RETIN-A Cream & Gel
Consumer Medicine Information
What is in this leaflet
This leaflet answers some common questions about all the RETIN-A preparations, which include:
RETIN-A 500 micrograms/g cream
RETIN-A 100 micrograms/g gel
It does not contain all the available information. It does not take the place of talking to your doctor or pharmacist.
All medicines have risks and benefits. Your doctor has weighed the risks of you using RETIN-A against the benefits this medicine is expected to have for you.
If you have any concerns about using RETIN-A ask your doctor or pharmacist.
Keep this leaflet with your medicine. You may need to read it again.
What RETIN-A is used for
RETIN-A is applied to the skin for the treatment of acne.
RETIN-A contains tretinoin which is related to Vitamin A. This medicine works by causing the outer layer of the skin to grow more rapidly, which decreases the amount of the protein ‘keratin’ in the skin. As a result, the surface layer of the skin becomes thinner and pores are less likely to become blocked, reducing the occurrence of whiteheads, blackheads and pimples.
Your doctor may have prescribed RETIN-A for another reason. Ask your doctor if you have any questions about why this medicine has been prescribed for you.
Before you use RETIN-A
When you must not use it
Do not use RETIN-A if :
- you are pregnant or planning to become pregnant
- you have an allergy to RETIN-A or any of the ingredients. See Product Description at the end of this leaflet for a list of ingredients.
Do not use RETIN-A if the packaging is torn or shows signs of tampering. Do not use RETIN-A beyond the expiry date (month and year) printed on the pack after the letters ‘Exp’, even if it has been stored properly.
Before you start to use it
You must tell your doctor if:
- you are pregnant or planning to become pregnant
- you are breast feeding or wish to breastfeed
- you have sunburn or other forms of skin irritation, such as eczema. The use of RETIN-A should be delayed until the skin has fully recovered.
If you have not told your doctor or pharmacist about any of the above, tell them before you start using RETIN-A.
Your doctor will advise you whether or not to use RETIN-A, or if you need to adjust your dose or adapt your treatment.
Use with other medicines and skin treatments:
Tell your doctor or pharmacist if you are taking any other medicines, or using any other skin treatments. This includes medicines and skin treatments you can buy without a prescription from a pharmacy, supermarket or health food shop.
In particular, tell your doctor or pharmacist if you are using any of the following:
- medicines which are known to make skin sensitive to sunlight. For example, some diuretics (fluid tablets), antibiotics and medicines for certain psychiatric conditions can cause this problem.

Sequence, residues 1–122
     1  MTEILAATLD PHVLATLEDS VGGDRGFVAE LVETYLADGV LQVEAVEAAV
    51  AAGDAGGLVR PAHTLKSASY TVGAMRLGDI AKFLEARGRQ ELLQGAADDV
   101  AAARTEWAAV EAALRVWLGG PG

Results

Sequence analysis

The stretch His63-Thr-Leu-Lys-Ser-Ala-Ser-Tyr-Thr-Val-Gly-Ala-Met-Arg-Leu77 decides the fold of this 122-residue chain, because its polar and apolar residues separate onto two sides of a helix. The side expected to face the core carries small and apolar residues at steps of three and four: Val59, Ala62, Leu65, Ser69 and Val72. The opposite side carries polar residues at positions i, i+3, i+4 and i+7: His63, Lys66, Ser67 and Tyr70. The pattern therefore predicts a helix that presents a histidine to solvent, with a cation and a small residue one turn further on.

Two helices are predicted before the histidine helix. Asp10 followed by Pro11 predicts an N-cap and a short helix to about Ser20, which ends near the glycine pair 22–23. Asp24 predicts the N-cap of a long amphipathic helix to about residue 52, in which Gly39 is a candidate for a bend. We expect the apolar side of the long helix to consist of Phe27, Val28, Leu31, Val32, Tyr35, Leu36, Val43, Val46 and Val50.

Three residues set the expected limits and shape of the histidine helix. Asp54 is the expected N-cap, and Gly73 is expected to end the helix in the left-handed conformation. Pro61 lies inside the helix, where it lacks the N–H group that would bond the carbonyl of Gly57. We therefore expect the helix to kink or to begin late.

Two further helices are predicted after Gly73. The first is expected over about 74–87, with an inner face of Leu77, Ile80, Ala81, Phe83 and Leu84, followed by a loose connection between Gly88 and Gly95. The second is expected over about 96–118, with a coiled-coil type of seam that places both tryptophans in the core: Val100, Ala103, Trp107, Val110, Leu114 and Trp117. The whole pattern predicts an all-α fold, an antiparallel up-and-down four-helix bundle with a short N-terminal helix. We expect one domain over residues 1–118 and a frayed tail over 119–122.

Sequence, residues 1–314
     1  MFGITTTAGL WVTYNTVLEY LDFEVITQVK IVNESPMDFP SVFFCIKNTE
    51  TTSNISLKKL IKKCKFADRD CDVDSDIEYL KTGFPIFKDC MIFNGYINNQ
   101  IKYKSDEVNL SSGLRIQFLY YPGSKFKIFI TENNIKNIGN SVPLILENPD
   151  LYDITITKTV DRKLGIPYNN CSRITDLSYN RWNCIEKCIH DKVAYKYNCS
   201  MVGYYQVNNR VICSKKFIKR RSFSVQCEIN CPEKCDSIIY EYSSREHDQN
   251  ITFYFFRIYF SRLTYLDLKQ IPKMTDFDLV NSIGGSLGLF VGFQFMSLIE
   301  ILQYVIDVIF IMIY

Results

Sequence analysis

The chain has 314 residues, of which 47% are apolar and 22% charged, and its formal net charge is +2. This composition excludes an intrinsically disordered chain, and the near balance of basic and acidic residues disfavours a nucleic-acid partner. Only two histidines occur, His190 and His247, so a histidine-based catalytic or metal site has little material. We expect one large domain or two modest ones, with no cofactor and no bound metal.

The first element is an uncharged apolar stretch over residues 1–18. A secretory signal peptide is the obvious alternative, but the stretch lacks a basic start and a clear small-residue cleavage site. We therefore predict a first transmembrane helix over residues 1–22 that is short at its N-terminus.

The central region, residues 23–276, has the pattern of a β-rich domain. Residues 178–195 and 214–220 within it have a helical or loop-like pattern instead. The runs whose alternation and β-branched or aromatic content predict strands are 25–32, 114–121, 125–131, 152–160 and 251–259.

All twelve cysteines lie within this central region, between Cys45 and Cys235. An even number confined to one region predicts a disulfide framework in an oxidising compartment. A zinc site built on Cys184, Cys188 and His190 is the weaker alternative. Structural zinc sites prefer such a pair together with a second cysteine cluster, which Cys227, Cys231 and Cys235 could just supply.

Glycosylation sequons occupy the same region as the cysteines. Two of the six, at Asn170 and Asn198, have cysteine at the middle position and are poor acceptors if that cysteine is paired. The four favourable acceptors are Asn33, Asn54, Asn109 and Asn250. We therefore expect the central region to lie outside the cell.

- other skin medications or treatments, particularly topical preparations containing peeling agents such as sulfur, resorcinol, benzoyl peroxide or salicylic acid.
- soaps, shampoos, cosmetics, perfumes and astringents such as skin-toners and after-shave lotions (especially those containing alcohol, lime and spices) which have an abrasive, drying or skin-shedding effect.
Other moisturisers and cosmetics may be used, however they should not be applied at the same time as RETIN-A. The area should be cleaned thoroughly before RETIN-A is applied.
How to use RETIN-A:
RETIN-A cream and gel are for external use only on your skin and must not be swallowed.
The following is the most often used dose, but your doctor may adjust the dose to suit your needs.
RETIN-A cream or gel should be applied to the skin where acne lesions appear, once a day, usually before going to bed. Wash the area to be treated using a mild, non-medicated soap. Pat the skin dry without rubbing. Allow the area to dry for at least 20-30 minutes before applying RETIN-A. Use enough RETIN-A to cover the entire affected area lightly.
It is better not to use more than the amount suggested by your doctor or pharmacist. A centimetre of
RETIN-A cream or gel squeezed onto the fingertip should be enough for your whole face. Application of too much RETIN-A may irritate the skin and won’t give you faster or better results.
RETIN-A should be kept away from the eyes, the mouth, angles of the nose and mucous membranes. If RETIN-A gets into these areas, wash them with water.
Following application of RETIN-A you may experience a brief stinging sensation, or a feeling of warmth on your skin. This is normal.
During the early weeks of therapy, you may notice a slight worsening of your acne. This is temporary and is related to the action of RETIN-A on non-visible, underlying acne. After 2-3 weeks you should begin to see an improvement, but it may be 6-12 weeks before definite benefits are seen.
Continue with the treatment even if you don’t see immediate improvement, and don’t stop treatment at the first signs of improvement.
Some patients require less frequent applications or a lower strength of RETIN-A. Other patients may respond to more frequent applications. If you change the type of RETIN-A preparation you are using, your skin may respond differently. Your doctor may need to observe how your skin responds to the treatment, and how well it can tolerate the medication. Consult your doctor for further advice.